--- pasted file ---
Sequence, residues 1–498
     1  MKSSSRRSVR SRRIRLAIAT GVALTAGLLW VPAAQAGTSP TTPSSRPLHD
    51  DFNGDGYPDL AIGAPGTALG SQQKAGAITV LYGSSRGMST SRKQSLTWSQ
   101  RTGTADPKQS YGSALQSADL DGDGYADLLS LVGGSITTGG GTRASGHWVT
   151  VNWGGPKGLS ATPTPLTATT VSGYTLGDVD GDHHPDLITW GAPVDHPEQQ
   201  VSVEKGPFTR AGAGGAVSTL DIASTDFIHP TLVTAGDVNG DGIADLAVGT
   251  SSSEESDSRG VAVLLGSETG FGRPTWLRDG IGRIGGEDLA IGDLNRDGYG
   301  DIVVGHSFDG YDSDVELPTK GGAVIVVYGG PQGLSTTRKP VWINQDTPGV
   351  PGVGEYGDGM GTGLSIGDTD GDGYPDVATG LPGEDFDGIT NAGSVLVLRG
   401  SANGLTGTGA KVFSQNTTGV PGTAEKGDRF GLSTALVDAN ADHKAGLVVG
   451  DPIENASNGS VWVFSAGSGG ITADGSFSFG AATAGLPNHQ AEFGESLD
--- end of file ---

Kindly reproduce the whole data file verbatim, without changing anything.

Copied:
Sequence, residues 1–498
     1  MKSSSRRSVR SRRIRLAIAT GVALTAGLLW VPAAQAGTSP TTPSSRPLHD
    51  DFNGDGYPDL AIGAPGTALG SQQKAGAITV LYGSSRGMST SRKQSLTWSQ
   101  RTGTADPKQS YGSALQSADL DGDGYADLLS LVGGSITTGG GTRASGHWVT
   151  VNWGGPKGLS ATPTPLTATT VSGYTLGDVD GDHHPDLITW GAPVDHPEQQ
   201  VSVEKGPFTR AGAGGAVSTL DIASTDFIHP TLVTAGDVNG DGIADLAVGT
   251  SSSEESDSRG VAVLLGSETG FGRPTWLRDG IGRIGGEDLA IGDLNRDGYG
   301  DIVVGHSFDG YDSDVELPTK GGAVIVVYGG PQGLSTTRKP VWINQDTPGV
   351  PGVGEYGDGM GTGLSIGDTD GDGYPDVATG LPGEDFDGIT NAGSVLVLRG
   401  SANGLTGTGA KVFSQNTTGV PGTAEKGDRF GLSTALVDAN ADHKAGLVVG
   451  DPIENASNGS VWVFSAGSGG ITADGSFSFG AATAGLPNHQ AEFGESLD